Back to back NFC Conference Championship appearances signifies progress, a return to better years for the storied franchise, but in a league where dominance is more or less a year to year thing, this game feels important for the 49ers too. It’s easy to look at the core on defense, the promise of Kaepernick and say that there’s still years of contending to come. It’s harder to actually realize that future potential. Instead, this is as good an opportunity at winning it all as any. When is that not true?
Over in New England, no big deal, just a sixth Super Bowl appearance for Tom Brady if the Patriots win, and a few more weeks of the Ray Lewis farewell tour if the Ravens can get revenge on what is a rematch of last year’s AFC Championship game. No Lee Evans or Billy Cundiff this time around — although ESPN gave them a great profile this week — just a chance for guys like Joe Flacco and Torrey Smith to elevate themselves into a different stratosphere. It’s what playing in the Super Bowl does to players.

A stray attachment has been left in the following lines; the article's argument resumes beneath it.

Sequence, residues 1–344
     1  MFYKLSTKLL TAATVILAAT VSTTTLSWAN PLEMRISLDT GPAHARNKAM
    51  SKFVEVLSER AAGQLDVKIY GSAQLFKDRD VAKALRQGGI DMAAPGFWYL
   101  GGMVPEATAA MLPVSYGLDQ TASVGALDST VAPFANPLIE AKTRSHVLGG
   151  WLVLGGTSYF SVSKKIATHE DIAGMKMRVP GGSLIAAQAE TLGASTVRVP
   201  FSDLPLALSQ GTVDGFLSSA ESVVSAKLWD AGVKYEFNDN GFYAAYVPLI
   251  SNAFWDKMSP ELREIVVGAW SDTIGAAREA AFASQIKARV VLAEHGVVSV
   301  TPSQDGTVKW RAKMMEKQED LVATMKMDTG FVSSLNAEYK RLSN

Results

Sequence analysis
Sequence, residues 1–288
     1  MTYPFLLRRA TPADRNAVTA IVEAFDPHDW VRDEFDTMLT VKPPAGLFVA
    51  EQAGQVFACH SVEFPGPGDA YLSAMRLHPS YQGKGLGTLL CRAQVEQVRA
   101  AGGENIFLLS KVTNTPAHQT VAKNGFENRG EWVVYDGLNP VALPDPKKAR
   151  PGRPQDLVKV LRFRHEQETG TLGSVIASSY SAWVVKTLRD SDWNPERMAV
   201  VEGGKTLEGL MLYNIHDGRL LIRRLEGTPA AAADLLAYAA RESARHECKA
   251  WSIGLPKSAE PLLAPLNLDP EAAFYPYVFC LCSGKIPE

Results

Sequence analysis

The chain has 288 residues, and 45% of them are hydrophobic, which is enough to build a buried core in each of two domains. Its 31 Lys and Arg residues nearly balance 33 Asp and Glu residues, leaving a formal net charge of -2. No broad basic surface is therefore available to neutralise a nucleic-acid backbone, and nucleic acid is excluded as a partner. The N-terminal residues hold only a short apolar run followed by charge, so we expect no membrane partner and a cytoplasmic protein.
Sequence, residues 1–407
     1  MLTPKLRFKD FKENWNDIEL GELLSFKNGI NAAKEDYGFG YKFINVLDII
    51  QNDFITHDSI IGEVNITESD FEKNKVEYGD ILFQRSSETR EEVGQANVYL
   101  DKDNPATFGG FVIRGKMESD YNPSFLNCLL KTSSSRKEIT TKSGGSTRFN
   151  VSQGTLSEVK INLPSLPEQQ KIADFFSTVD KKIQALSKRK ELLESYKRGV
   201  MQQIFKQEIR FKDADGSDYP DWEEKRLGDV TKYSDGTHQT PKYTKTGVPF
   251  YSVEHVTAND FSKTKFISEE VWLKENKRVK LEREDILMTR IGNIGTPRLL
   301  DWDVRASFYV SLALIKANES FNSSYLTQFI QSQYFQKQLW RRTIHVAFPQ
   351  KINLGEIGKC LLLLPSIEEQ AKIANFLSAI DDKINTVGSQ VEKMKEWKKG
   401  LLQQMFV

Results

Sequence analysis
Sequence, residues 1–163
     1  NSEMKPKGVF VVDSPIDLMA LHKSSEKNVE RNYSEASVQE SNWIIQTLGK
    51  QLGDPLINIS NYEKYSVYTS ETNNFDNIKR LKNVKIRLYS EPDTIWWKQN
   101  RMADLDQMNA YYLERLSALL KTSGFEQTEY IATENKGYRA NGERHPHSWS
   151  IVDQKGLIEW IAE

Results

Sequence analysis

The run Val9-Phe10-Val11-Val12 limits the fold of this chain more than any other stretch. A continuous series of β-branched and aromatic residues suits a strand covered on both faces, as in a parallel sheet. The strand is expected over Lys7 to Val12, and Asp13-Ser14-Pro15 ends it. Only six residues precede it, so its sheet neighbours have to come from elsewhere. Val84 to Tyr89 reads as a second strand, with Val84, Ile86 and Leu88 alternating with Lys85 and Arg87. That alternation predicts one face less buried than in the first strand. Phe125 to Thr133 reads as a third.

And so, with no idea whether I’m picking with my head or heart, or caught in so many web of lies this week that the truth seems harder to see, I’m going to go with the 49ers because I know that Eugene Robinson is thinking the same, just so no one brings this up again.
And in New England. I think the Ravens find a way to get it done.
See you at the Harbaugh Bowl.
What does everybody else think?
That was special.
Colin Kaepernick breaks the record for rushing yards in a playoff game (previously held by Michael Vick) by running for 181 yards. Oh and he tacked on 263 passing. Not bad for a playoff debut.
Packers at 49ers: Bookends
These two teams met in Week 1 of the regular season, with San Francisco winning 30-22 in Lambeau Field. The game was not as close as the final score indicated. Let’s use what happened in that game to give us a sense of how these two teams have changed since.